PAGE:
Nutrient-rich soil is one of the most basic needs of every plant. This is especially true for potted plants, because they cannot draw nutrients from surrounding areas, but are restricted only to what is in the pot. That is why potted plants require potting soil rather than topsoil. Potting soil contains extra organic matter and much-needed nutrients. Although potting soil is readily available at many stores, you can make your own using topsoil as one of the ingredients.
Things You'll Need
- Disposable baking pan
- Aluminum foil
- Meat thermometer
- Pot holders
- 5-gallon bucket
- Peat moss
- Garden spade
- Plant pots
- Slow-release fertilizer granules
Preparing the Topsoil
Locate an area of the yard that has rich, fertile topsoil. Topsoil generally extends 8 inches from the ground's surface. When looking for soil, avoid sandy areas, and instead, look in shady areas where organic matter decomposes faster. The soil should be dark and moist and not have weeds or grass growing in it.
Insert a shovel into the ground and dig up enough topsoil to fill a shallow disposable baking pan. You can use any size pan but a good option is one that is approximately 18 inches long by 12 inches wide by 1 1/4 inches deep. Leave approximately 1/2 inch to 1 inch of space at the top of the pan to prevent the topsoil from spilling out.
Preheat an oven to 180 degrees Fahrenheit. Cover the pan with aluminum foil and insert it into the oven. Cooking the topsoil sterilizes it by killing mold spores and bacteria that can infect the potted plant.
Allow the topsoil to cook for 10 minutes, and remove the foil. Insert a meat thermometer into the center of the topsoil to ensure that the temperature has reached 180 degrees. If necessary, replace the foil and allow the topsoil to cook for an additional five to 10 minutes.
Remove the pan from the oven using potholders and allow to cool.
Mixing the Potting Soil
Place equal parts of sterilized topsoil and peat moss into a 5-gallon bucket. Mix the material thoroughly with a garden spade to combine.
Add three parts of sand to the mixture and mix it in with the garden spade. Use sharp sand that is pre-sterilized and purchased at a garden center. Do not use builder's sand, as this is not sterilized.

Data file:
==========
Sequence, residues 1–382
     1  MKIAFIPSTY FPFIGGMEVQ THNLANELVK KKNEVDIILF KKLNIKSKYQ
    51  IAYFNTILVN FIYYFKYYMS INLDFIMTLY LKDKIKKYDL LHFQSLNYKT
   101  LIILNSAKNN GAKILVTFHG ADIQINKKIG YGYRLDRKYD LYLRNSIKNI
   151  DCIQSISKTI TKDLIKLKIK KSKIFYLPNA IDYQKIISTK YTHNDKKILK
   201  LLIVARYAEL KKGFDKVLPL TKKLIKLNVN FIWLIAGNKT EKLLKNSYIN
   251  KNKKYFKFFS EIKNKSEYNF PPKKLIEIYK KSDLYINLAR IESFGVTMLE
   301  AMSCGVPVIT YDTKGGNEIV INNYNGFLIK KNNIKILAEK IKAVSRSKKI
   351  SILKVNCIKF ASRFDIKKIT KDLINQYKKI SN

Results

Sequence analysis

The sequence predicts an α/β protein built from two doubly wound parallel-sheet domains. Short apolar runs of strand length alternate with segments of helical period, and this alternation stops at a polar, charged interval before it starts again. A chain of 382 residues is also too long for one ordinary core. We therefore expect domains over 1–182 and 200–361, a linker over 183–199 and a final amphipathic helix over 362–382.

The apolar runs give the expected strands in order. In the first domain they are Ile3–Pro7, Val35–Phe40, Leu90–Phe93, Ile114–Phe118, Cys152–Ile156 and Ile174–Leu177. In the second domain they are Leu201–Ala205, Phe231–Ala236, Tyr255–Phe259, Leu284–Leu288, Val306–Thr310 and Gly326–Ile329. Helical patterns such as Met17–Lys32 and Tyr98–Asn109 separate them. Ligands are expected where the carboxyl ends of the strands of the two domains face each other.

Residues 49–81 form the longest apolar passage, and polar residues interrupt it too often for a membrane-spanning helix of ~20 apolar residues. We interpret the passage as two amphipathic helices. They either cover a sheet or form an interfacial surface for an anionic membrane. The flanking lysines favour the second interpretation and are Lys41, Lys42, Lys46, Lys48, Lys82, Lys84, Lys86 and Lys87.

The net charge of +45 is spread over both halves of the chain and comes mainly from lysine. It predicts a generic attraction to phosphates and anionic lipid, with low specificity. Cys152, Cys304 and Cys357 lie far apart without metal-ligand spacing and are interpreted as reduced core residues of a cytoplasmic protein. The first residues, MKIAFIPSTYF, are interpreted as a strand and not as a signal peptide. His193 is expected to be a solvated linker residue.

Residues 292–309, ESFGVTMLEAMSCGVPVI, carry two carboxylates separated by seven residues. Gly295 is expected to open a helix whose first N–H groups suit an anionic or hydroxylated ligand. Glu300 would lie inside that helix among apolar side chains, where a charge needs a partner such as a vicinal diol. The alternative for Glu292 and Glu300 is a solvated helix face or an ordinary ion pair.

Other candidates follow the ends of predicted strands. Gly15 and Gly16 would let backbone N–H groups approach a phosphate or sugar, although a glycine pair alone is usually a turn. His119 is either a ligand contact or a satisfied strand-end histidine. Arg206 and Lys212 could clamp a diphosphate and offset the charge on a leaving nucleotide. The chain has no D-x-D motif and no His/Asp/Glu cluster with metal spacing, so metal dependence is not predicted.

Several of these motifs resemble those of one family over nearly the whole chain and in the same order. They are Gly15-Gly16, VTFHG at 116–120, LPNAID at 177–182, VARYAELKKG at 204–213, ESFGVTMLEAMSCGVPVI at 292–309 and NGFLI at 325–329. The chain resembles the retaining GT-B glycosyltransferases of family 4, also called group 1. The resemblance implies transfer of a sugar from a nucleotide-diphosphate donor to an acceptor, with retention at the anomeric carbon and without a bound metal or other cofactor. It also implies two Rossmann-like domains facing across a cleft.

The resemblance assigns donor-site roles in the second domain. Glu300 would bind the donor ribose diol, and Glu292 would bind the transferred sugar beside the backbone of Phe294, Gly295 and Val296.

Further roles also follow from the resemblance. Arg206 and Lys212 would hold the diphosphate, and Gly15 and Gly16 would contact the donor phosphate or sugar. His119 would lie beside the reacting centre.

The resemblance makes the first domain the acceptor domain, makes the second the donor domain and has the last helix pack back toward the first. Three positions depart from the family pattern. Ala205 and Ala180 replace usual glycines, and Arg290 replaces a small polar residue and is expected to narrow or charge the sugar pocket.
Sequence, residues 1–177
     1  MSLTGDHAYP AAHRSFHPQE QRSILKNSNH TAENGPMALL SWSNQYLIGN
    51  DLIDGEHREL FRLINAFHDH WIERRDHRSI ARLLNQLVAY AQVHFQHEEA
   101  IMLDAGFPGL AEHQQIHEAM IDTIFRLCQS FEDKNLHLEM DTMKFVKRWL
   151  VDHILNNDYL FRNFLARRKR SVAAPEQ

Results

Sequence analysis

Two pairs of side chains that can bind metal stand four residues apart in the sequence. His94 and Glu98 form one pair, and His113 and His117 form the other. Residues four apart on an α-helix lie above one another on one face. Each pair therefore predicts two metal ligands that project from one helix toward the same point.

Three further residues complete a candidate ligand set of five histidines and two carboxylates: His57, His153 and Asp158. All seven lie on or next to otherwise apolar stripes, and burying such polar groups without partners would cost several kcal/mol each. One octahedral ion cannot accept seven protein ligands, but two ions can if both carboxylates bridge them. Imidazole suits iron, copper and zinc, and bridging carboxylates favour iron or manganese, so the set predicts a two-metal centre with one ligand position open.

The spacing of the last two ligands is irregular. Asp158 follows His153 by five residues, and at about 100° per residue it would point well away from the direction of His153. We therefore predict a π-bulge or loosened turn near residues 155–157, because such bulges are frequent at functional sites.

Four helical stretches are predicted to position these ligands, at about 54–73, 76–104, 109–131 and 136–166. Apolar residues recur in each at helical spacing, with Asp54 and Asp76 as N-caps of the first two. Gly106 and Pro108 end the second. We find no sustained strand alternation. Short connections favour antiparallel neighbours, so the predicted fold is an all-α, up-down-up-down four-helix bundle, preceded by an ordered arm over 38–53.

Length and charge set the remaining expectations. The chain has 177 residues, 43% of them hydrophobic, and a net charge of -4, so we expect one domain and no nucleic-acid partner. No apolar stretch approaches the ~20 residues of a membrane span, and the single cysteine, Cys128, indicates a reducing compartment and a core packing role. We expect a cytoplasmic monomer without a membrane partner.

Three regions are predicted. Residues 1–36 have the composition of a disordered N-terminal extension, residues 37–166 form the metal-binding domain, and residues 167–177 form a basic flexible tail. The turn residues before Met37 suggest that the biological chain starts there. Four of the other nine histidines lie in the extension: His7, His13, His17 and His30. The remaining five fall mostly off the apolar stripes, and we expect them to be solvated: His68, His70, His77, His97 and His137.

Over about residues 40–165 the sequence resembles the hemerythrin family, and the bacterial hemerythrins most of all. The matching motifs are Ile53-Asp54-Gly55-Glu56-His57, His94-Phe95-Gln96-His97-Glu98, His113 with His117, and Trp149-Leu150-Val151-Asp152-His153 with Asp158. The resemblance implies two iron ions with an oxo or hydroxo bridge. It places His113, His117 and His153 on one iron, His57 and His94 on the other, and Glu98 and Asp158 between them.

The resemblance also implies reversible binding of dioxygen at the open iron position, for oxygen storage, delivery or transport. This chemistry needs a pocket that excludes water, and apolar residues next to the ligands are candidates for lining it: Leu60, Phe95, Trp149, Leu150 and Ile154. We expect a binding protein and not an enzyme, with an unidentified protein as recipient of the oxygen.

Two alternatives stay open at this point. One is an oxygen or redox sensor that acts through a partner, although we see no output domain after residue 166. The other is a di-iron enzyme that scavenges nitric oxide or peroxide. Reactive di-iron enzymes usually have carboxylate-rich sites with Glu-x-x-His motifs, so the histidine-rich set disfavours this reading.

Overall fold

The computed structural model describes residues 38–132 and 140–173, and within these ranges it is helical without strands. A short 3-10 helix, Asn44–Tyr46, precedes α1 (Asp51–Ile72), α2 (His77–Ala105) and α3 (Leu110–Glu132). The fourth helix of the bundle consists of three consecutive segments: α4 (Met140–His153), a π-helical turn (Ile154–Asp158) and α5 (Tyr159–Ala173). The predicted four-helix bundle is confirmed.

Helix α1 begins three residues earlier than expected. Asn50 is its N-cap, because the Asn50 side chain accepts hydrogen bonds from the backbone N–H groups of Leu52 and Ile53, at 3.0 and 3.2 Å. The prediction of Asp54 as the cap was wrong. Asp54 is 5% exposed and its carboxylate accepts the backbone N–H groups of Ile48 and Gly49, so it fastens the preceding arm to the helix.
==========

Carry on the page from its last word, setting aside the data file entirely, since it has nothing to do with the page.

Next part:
Place the mixture into plant pots and insert plants.
Tips & Warnings
- Instead of digging up topsoil from the yard, you can purchase bags of topsoil from garden centers and nurseries.
- If desired, add slow-release fertilizer granules to the potting soil mixture in the amounts recommended on the fertilizer packaging.
- Photo Credit potted plant image by Gina Smith from Fotolia.com
How to Make Potting Soil
Many avid gardeners make their own potting soil to ensure a proper mixture of ingredients and to save money. Those new to...
How to Make Potting Soil Mix
Spoil those plants by making your own potting soil mixture!
How to Make Acidic Soil
Soil acidity is measured by a pH reading. Most plants grow in relatively neutral soil with a pH between 6 and 7.5,...
How to Restore Damaged Plants
Restoring a damaged plant to health provides a challenge for even the most experienced gardeners. Outdoor plants can be damaged from cold,...
How to Use Potting Soil to Seed a Lawn
Achieving the optimal lawn sometimes requires seeding over bare spots or over the entire yard area. Choose a grass type that will...
How to Turn Your Sand Into Topsoil
Sandy soil is unsuitable for the growth of most plants. Its nutrient levels are quite low, and it won't hold water long...
Can I Use Top Soil for My Potted Plants?
Houseplants bring beauty and nature into the house, while potted plants on the deck or patio offer flexibility in growing and space....